Quantative easing is flawed and interest rates should be raised today, say economists

4th August 2011

Today is central bank day with meetings at the Bank of England, the Bank of Japan and the European Central Bank. However, the majority view is that the Bank will sit on its hands this month, but a surprise monetary easing from the Swiss National Bank on Wednesday suggests nothing can be ruled out.

All economists polled by Reuters expect the central bank to keep rates at 0.5 percent at 12 p.m., but around one in four believe a second wave of quantitative easing (QE) will be needed at some point.

But would more quantative easing work?

The coalition government has made clear that the ball is in the Bank of England's court should further economic stimulus be required.

However, Mindful Money economist blogger Shaun Richards says that further stimulus would be unwise and simply delaying further economic problems on his blog: "…here is another factor that supporters of QE do not address further down the road even they will have to deal with the inflation they have created. Accordingly there is a scenario where in the medium-term we are worse off if we get little or no growth now and have to tighten policy later. So in my view this is yet another version of "kicking the can down the road"."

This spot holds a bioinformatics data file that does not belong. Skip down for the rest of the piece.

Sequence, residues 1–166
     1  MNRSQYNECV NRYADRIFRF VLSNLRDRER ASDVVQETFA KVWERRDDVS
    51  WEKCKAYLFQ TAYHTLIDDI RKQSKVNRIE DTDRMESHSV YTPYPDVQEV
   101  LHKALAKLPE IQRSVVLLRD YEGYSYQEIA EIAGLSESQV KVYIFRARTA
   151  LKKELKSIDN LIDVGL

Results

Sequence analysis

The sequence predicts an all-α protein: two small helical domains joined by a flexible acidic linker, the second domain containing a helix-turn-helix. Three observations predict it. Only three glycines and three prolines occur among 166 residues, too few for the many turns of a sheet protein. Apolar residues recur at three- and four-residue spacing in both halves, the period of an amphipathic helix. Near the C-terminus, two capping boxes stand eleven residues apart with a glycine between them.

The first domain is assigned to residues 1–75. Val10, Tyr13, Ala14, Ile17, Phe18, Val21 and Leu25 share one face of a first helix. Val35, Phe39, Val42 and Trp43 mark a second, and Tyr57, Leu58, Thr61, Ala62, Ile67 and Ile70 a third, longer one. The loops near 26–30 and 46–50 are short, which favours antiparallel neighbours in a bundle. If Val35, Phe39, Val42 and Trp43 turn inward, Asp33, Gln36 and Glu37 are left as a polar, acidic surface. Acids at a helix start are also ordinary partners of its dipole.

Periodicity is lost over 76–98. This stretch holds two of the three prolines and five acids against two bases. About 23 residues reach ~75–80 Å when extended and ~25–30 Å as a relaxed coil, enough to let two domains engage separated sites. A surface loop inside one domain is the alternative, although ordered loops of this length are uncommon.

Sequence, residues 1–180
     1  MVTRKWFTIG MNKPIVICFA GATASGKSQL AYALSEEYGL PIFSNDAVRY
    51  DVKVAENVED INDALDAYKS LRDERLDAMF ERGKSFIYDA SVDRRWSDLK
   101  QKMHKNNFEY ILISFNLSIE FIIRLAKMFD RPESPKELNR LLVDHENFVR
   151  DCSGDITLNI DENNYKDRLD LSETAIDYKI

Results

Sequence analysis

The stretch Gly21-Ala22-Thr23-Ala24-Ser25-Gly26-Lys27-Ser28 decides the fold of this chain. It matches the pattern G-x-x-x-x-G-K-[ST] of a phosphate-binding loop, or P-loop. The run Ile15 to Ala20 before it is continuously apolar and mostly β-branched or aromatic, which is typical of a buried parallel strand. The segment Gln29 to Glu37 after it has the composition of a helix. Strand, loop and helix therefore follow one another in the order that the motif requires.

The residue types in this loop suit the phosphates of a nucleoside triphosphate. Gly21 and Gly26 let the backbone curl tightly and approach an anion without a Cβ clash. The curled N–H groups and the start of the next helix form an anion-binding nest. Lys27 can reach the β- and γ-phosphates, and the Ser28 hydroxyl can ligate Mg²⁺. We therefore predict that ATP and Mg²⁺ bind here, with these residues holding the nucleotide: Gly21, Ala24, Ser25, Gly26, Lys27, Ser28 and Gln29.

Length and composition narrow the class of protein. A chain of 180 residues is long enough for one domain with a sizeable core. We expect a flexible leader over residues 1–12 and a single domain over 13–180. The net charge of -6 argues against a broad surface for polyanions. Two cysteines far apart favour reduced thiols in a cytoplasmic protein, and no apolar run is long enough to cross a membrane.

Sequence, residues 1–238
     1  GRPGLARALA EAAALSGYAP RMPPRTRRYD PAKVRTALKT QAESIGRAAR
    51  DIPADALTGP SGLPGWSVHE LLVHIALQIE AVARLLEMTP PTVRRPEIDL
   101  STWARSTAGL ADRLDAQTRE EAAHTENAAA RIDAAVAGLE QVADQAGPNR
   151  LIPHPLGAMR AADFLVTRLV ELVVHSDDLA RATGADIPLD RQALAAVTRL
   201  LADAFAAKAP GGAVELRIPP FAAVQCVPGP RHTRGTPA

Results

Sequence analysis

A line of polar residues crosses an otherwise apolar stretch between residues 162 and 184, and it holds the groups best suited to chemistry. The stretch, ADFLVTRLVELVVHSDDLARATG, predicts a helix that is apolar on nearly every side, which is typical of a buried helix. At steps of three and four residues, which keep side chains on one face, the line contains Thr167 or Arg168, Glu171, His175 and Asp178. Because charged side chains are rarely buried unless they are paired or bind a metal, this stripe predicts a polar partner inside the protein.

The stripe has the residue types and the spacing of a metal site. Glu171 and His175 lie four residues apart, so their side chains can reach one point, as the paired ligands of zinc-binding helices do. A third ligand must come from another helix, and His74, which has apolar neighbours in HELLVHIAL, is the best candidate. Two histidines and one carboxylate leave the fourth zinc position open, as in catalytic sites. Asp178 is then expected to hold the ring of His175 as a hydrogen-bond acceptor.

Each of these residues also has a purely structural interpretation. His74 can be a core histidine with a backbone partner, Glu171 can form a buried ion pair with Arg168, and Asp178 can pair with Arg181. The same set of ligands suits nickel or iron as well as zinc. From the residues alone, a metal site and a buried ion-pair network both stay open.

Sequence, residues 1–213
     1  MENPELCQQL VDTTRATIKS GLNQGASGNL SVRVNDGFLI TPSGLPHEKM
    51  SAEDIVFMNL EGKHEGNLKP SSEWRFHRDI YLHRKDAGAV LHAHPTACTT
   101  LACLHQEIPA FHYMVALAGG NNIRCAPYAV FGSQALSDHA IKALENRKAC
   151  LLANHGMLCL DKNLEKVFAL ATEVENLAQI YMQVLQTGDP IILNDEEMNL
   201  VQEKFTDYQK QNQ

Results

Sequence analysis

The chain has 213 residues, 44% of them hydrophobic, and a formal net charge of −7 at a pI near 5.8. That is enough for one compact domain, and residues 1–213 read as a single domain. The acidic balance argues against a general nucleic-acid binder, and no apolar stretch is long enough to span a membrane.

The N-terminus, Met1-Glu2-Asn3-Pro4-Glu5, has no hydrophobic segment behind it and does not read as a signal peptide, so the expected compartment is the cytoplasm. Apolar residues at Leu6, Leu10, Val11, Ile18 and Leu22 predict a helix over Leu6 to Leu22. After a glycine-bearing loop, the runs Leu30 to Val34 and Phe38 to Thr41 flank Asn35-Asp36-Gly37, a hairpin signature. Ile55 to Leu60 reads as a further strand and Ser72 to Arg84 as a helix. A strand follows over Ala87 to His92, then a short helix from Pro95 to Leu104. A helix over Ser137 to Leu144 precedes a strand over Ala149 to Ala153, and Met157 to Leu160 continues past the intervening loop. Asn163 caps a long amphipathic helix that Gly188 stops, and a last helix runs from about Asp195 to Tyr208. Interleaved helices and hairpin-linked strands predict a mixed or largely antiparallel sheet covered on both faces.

Why interest rates should be raised

Shaun adds on his blog: "I feel that we in the UK are facing a stagflationary scenario and have been arguing this for some time to which I am afraid there are no magic solutions only difficult questions which sometimes require difficult answers.

"I would raise UK interest-rates in response to this as a way of us beginning to edge our way out of our current problems. However there is a change in my view as I would currently only raise them to 1.5% rather than 2%. The reason for this is that the world looks like it is in a period of weak economic growth again and I feel one should respond to that. Should it be a blip then I could raise to 2% in a few months." Read more here.

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